New DNSSEC registrar bounty

I am recommending that the @Ecosystem_Stewards approve a payout of $100,000 for a critical vulnerability found in an undeployed version of the DNSSEC registrar code.

To be clear - this is a bug that was discovered before the code was deployed to the chain or made active; no user is directly affected by it. The bug is in our release candidate that was due to be put forward for a vote shortly.

If it had been deployed as-is, it would have allowed anyone to claim or update a DNSSEC name owned by any other user. A full description of the bug is here; tl;dr: a critical check was deleted in a refactor and not restored.

As a result of this, ENS Labs is making the following changes:

  1. We will formalise our smart contract release process to specify that all deployments are preceded by a release candidate, published at least 2 weeks before deployment to the chain and announced in this forum. Release candidates will be eligible for the full bug bounty amount. If an audit is to be conducted, it will be done prior to tagging the code as an RC.
  2. We will engage code4rena for an audit on the DNSSEC code prior to deployment, at ENS Labs’ expense. I’ve already begun engaging with them on this.

This is the largest bounty ENS has yet paid out for a vulnerability. We’re grateful to the submitters for finding this bug before it could impact anyone.


Two weeks is not enough for a mission critical audit. At the minimum it should be 6 weeks, but better 12.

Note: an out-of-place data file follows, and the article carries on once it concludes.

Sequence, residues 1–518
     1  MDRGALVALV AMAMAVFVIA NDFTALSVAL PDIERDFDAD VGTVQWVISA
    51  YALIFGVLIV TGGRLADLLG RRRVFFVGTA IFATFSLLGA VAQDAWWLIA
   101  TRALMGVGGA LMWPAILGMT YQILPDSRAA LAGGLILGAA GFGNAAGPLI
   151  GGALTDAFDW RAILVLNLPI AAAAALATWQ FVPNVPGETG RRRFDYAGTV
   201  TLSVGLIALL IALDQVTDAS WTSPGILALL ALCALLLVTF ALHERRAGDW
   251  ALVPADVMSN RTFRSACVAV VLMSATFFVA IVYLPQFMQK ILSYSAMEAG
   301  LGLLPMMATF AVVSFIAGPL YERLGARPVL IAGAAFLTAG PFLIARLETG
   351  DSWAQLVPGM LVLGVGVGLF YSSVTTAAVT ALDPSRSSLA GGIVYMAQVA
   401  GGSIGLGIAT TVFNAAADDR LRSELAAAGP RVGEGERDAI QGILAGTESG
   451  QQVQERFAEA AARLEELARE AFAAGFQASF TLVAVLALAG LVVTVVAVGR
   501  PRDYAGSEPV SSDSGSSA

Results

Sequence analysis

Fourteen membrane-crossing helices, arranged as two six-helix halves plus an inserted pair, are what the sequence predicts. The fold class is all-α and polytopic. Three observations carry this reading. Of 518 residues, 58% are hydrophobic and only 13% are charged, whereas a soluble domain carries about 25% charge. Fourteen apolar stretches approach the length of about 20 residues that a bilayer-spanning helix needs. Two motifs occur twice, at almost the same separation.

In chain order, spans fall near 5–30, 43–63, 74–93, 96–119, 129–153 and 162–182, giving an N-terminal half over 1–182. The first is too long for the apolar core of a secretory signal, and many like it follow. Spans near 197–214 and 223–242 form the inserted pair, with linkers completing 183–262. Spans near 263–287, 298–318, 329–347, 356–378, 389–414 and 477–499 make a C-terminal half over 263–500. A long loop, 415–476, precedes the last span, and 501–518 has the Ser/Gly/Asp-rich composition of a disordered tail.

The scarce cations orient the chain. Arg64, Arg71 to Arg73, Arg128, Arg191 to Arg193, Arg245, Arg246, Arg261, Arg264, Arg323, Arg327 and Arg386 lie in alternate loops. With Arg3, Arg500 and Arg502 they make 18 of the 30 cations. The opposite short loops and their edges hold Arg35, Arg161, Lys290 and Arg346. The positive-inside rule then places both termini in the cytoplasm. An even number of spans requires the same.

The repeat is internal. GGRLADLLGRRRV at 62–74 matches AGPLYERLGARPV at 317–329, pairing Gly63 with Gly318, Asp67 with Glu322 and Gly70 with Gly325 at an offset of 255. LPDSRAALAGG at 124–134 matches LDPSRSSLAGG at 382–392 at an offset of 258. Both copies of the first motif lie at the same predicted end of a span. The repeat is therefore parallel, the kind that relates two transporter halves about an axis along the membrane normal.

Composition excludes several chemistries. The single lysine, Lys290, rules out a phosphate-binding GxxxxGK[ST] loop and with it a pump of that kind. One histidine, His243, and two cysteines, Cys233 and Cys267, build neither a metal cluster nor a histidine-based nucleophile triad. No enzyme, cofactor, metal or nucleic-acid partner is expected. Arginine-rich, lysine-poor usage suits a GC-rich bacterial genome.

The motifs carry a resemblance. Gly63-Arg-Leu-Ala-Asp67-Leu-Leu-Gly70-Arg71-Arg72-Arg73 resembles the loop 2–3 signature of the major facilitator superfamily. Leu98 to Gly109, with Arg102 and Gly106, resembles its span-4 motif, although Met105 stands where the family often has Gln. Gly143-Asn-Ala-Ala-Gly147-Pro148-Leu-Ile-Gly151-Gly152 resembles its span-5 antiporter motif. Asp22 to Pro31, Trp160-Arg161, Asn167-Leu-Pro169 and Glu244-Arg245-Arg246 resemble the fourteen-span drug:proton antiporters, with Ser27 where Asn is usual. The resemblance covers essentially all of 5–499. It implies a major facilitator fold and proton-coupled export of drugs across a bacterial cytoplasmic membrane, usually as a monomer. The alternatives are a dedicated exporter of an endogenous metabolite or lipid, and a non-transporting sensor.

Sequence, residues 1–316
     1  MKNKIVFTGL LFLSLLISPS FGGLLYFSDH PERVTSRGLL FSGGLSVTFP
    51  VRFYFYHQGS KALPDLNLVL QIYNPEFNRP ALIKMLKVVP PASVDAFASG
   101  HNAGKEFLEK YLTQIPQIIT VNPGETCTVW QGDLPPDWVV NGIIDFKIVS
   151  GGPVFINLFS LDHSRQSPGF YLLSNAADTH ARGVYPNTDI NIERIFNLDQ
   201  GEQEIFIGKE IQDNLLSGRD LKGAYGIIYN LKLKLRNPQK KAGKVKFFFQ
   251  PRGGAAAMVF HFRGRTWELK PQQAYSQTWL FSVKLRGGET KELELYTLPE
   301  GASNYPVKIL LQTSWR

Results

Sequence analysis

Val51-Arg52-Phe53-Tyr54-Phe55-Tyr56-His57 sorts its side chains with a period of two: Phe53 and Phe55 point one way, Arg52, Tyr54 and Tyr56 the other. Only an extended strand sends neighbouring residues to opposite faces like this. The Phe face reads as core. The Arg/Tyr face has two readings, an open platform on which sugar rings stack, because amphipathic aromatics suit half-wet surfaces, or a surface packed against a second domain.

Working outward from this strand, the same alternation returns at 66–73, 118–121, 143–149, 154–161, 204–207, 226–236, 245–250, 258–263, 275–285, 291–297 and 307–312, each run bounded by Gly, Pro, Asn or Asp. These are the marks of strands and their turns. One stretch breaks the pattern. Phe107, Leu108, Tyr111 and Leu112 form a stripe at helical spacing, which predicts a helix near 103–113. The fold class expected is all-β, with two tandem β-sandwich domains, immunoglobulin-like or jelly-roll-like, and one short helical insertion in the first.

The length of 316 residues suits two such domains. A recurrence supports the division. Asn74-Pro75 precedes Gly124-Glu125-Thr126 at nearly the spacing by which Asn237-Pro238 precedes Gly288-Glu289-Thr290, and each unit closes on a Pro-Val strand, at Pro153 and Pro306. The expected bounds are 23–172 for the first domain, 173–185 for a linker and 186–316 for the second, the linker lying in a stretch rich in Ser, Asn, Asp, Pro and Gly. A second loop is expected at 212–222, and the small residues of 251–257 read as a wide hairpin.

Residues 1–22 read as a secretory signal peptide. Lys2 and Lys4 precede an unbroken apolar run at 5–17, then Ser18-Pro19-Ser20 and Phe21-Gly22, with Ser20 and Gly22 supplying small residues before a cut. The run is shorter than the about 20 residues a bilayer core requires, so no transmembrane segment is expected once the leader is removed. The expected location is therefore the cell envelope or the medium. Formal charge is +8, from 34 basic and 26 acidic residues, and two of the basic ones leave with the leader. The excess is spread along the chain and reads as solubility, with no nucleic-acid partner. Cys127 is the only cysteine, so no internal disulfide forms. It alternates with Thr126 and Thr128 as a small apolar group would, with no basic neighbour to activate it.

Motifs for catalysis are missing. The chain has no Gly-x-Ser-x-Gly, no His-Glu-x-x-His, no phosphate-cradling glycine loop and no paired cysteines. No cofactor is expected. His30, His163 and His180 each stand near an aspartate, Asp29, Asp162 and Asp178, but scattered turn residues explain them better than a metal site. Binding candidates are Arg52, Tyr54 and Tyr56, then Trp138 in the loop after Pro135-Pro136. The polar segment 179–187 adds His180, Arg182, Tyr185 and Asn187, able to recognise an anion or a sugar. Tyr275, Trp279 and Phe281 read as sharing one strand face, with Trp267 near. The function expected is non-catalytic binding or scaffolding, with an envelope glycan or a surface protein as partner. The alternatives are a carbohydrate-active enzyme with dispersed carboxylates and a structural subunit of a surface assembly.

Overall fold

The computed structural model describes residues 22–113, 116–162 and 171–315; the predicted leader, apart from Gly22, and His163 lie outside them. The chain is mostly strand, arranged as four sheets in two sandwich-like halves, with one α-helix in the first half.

It is honorable to stand by bug bounty payments. Many of the top companies don’t pay, even for zero days, unless you are very well connected, and still, that sometimes is not enough now if you are from a country like Russia or Syria.

Still, that said, given this bug bounty affects your bags, could you please consider removing the inflammatory pin to your twitter? Seriously, if I find a bug, I’m probably not submitting it just for this post existing as I would love to turn the tables on you. It’s not about money for me. If the tables are turned, I would rather you see the err in your judgment, than for everyone else to remain protected.

I think I’m not alone as a dev jaded by the arrogance of others in the space. It’s more satisfying to sell vulnerabilities or exploit them yourself than to notify through appropriate channels. The attitude of ‘f-off into the sun’ is all too common. Careful what you wish for!

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See the Code of Conduct here: Code of Conduct - ENS DAO Governance Forum

This is not civil or respectful language, and it’s mostly off-topic anyway. Constructive criticism is welcome, like suggesting a longer audit period with your reasoning. But please leave personal attacks or inflammatory language out of it on these forums. Please, and thank you :pray:


You replied to the wrong person I think!

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The ENS DAO forums are separate from Twitter. People are free to speak their mind on other social media platforms, as the forum CoC does not apply there.

Please keep these forums civil and on-topic.


Alrighty. I hate to sound like a whiny complainer but I have some questions:

Was this DNSSEC code not part of the C4 audit? It is mentioned here: